SysInfo is showing your 386-33 as a "80386DX 25Mhz". The BIOS can determine the "80386DX" bit quite easily. The BIOS arrives at the "25Mhz" figure by timing how long certain 60386 instructions take to execute. So we can say with good certainty that your CPU is being provided with a 25MHz clock, instead of a 33Mhz clock.

    The standard method of generating the CPU clock on 386 motherboard is to divide the oscillator by 2. So on my 386-40 boards, I see an 80Mhz oscillator ("tin can"). I have another 386 board that according to the manual will take either a 386-16 or 386-20 CPU. On that board are two oscillators, 32Mhz and 40Mhz, and you change the position of a jumper (selects which oscillator is used) according to which of the two CPUs is installed.

    Do you have a 66Mhz oscillator on your board?

    By the way. Regarding the three 'clock' related items shown in the middle of the second BIOS screen shot. The manual for one of my 386 boards shows that the board has the same BIOS (exactly the same screens) as yours. For those three 'clock' items, the manual states, "It is not user adjustable". The three values shown in the screen shot match what is shown in the manual.

    The values in the third screen shot of yours (chipset registers) differs slightly from what is in my manual, but that could be because of different motherboard design.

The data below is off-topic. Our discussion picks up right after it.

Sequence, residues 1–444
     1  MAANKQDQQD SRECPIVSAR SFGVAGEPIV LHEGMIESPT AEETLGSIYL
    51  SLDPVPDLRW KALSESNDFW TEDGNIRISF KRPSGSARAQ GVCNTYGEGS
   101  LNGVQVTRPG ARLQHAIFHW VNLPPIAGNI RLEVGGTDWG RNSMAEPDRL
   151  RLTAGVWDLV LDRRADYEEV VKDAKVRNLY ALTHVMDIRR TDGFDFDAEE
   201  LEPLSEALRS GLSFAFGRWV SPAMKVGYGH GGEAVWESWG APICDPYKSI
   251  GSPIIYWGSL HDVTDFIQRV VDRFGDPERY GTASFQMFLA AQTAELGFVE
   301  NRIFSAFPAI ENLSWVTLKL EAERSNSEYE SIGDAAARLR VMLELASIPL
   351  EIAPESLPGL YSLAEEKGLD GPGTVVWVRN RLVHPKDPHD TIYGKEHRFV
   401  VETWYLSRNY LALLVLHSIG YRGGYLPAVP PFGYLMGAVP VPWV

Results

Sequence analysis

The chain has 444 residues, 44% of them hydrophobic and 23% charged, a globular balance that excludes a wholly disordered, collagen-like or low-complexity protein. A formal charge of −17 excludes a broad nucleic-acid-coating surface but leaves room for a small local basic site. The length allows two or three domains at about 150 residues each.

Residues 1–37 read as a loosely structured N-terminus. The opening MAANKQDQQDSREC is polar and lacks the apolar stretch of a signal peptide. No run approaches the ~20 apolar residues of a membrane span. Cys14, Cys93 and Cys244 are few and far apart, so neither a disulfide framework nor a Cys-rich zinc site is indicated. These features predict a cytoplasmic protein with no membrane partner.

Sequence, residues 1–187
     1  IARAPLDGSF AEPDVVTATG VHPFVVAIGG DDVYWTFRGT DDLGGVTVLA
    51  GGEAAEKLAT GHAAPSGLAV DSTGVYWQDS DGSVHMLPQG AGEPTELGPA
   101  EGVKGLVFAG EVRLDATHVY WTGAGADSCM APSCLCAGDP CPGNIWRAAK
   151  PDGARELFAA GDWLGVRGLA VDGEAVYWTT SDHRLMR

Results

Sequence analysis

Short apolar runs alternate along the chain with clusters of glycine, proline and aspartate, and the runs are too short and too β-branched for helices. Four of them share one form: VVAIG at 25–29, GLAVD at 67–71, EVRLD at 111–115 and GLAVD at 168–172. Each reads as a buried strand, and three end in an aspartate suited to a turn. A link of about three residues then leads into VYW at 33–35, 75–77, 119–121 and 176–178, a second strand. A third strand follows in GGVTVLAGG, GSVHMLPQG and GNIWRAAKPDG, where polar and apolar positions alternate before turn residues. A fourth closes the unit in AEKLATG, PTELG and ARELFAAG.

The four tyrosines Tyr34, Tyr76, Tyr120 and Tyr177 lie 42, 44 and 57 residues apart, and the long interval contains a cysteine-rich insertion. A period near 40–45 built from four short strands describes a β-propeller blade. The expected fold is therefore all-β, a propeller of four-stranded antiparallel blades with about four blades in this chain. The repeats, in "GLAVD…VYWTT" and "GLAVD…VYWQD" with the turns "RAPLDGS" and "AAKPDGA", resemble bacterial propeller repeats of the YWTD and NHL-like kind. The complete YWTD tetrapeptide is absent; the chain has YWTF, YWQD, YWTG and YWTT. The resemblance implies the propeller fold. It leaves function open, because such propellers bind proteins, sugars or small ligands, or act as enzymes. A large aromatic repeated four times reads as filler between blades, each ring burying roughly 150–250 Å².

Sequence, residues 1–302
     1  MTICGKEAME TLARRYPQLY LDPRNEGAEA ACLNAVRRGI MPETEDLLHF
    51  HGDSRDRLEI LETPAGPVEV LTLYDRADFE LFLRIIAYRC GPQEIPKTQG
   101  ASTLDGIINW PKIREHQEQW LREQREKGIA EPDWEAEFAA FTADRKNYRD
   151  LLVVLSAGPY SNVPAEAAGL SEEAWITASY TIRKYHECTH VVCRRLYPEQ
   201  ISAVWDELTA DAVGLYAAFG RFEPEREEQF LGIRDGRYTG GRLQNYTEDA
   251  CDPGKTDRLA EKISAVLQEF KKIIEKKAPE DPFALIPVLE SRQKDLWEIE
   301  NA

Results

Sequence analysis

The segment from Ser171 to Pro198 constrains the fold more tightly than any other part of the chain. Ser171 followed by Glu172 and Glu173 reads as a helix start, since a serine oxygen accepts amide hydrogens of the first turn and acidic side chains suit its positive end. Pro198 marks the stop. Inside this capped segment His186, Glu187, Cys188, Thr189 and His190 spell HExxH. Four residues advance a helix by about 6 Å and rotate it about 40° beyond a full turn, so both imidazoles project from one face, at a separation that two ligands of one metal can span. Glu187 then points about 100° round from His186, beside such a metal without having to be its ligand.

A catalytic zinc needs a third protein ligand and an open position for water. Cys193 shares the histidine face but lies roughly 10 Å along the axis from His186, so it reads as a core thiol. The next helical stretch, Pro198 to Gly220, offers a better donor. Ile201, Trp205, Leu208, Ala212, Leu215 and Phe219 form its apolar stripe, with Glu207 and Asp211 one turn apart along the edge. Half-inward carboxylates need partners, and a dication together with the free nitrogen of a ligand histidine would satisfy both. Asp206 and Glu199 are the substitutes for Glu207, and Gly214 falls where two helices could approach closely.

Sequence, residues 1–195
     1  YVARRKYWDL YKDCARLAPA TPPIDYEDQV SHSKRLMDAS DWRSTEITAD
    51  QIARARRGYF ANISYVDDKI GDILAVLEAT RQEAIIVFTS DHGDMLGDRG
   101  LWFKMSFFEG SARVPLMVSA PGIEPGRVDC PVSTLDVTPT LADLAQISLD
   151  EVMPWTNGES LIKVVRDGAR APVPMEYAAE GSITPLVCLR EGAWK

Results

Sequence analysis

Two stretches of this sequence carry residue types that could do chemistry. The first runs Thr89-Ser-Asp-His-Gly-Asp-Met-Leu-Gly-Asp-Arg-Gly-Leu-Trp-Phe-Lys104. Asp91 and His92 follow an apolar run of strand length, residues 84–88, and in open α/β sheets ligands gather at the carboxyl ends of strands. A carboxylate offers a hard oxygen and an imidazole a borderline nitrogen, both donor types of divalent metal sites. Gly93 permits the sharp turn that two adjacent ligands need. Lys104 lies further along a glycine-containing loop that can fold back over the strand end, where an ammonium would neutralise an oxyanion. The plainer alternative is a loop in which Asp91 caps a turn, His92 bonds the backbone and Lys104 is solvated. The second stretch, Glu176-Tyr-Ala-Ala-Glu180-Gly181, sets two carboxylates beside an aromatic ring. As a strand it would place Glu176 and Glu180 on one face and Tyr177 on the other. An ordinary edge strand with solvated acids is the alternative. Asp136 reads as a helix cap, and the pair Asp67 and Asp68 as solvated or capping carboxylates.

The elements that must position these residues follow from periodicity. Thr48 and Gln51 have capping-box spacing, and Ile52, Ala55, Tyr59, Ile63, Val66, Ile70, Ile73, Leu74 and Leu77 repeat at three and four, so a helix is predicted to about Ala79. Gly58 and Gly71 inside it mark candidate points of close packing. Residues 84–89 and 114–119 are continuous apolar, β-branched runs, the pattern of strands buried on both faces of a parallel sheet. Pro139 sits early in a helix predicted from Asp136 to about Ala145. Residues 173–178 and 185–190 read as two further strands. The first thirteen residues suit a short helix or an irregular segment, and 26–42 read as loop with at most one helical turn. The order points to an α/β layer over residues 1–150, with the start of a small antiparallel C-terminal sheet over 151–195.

In any case, the procedure shown in the manual to "clear the CMOS RAM" is to power on whilst pressing the INSERT key, continuing to hold down the key until the "screen display appears".
    You mean you never seen an AT case with just a turbo led?

    Have four such cases here, in the early socket 5/7 era these cases were very frequent....

    Since my turbo led is on I assume it's in turbo mode? might be the other way around anyway...going to test without the jumper

    One of the clock crystals is a 50mhz one so I'm starting to suspect it's someone who just threw in a 33mhz 386 on my mobo





    So you mean the settings on the BIOS screen has no effect?
    I can change the all.

    My 386 mobo lacks CPU cache...that might effect the sysinfo score also maybe?

  6. #6
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    You mean you never seen an AT case with just a turbo led?
    No, but there have been periods over the years where I didn't work on personal computers (other types, but not personal).

    One of the clock crystals is a 50mhz one so I'm starting to suspect it's someone who just threw in a 33mhz 386 on my mobo